"Build it, and they will come." Whether you subscribe to the Teddy Roosevelt or the Kevin Costner version, it stands true today. Websites and cyberspacers who are up to no good have taken this to heart with a revised version as their mantra: "Pop it up, and they will click on it."
To be an end-user in today's Web-centric society is to be a fish in a barrel. Sitting at a PC laden with out-of-date security programs, file sharing, and peer-to-peer access, today's typical user succumbs to the ever-increasing "If we ask you for permission, it must be OK" mentality and mindlessly clicks on dialog boxes, license agreements, and "add exception" routines without a second thought.
[ Get a $50 American Express gift cheque if we publish your tech experiences. Send it to email@example.com. | Get a new tech tale in your inbox every week in InfoWorld's Off the Record newsletter or follow Off the Record on Twitter. ]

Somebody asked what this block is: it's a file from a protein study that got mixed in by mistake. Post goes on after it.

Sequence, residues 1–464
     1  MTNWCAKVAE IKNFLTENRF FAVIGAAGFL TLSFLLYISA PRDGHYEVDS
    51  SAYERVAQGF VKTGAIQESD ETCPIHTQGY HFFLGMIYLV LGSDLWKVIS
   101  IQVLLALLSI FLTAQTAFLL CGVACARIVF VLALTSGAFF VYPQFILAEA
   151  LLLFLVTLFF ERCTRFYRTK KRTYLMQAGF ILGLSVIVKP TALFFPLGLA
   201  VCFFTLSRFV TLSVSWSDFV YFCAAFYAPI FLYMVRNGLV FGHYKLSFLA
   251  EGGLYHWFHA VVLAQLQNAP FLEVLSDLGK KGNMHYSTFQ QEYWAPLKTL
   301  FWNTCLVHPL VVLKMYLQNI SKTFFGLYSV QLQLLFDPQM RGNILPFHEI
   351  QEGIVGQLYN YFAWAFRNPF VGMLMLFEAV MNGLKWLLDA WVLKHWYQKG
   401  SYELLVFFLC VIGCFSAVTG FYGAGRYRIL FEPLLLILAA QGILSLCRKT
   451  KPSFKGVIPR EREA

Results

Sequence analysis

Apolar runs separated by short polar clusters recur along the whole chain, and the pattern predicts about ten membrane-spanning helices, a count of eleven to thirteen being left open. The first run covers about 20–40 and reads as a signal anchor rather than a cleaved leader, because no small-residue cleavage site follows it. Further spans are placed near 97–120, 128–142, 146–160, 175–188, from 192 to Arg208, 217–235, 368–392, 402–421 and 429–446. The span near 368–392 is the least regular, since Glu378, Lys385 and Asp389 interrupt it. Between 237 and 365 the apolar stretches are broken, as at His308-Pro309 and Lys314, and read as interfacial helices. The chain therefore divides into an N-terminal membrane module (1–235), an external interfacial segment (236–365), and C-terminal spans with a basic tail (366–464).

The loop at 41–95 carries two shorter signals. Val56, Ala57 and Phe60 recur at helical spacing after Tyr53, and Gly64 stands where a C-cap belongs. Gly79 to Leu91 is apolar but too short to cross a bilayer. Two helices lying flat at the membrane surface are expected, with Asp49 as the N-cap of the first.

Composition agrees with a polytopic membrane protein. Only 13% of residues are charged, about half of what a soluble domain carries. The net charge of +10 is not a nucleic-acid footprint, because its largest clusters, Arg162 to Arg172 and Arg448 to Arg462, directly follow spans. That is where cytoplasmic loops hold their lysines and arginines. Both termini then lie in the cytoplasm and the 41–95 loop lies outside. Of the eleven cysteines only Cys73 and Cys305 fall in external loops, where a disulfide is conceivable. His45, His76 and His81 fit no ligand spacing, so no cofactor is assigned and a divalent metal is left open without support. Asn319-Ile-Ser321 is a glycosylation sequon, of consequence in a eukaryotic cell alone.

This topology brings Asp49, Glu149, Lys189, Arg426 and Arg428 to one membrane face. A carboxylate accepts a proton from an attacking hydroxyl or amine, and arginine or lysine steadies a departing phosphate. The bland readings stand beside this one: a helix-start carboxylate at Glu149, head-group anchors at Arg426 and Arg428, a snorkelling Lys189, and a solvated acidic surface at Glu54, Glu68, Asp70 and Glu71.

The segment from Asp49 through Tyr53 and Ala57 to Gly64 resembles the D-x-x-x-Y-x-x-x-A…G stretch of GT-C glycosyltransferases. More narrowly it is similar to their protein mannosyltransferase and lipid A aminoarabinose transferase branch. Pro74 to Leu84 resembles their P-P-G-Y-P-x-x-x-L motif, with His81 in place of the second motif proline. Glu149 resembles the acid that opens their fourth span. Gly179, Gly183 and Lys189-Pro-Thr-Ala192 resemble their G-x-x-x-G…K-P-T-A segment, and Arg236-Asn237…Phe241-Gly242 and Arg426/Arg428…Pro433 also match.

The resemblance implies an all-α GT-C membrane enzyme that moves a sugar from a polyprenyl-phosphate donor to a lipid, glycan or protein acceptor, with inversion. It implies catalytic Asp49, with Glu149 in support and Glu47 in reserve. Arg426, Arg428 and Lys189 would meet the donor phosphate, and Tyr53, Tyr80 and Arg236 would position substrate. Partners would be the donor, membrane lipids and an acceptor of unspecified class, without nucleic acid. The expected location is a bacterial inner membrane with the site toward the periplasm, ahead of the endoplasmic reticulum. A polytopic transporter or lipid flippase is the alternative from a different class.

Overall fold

This week's form of entertainment in the IT department at a manufacturing company where I work has been a five-second .wav file cropped out of a voice mail requesting help. During the two-minute dissertation explaining his computer woes, our user uttered these now famous words, "... then something popped up, and I just agreed to it...."
Routinely now throughout the day, one of us in the IT department will randomly click on the file of this troubleshooting encounter for a brief respite of humor to lighten the mood and remind us why we all still have jobs.
Our users have very limited computer expertise and will click anything, anywhere, anytime, on any website. If a pop-up window or dialog is well enough disguised, sneaky enough, or annoying enough, it will get clicked on with no thought to the consequences.
Fortunately, we can usually clean up the mess, and often end-users will actually learn their lesson -- for a little while, at least.
Our users are a few dozen typical office personnel, plus a couple hundred remote sales reps out in the field. Getting the security products updated frequently is just half the battle. How do you convince people not to use the words "free," "lyrics," and "bikini" in a Google search?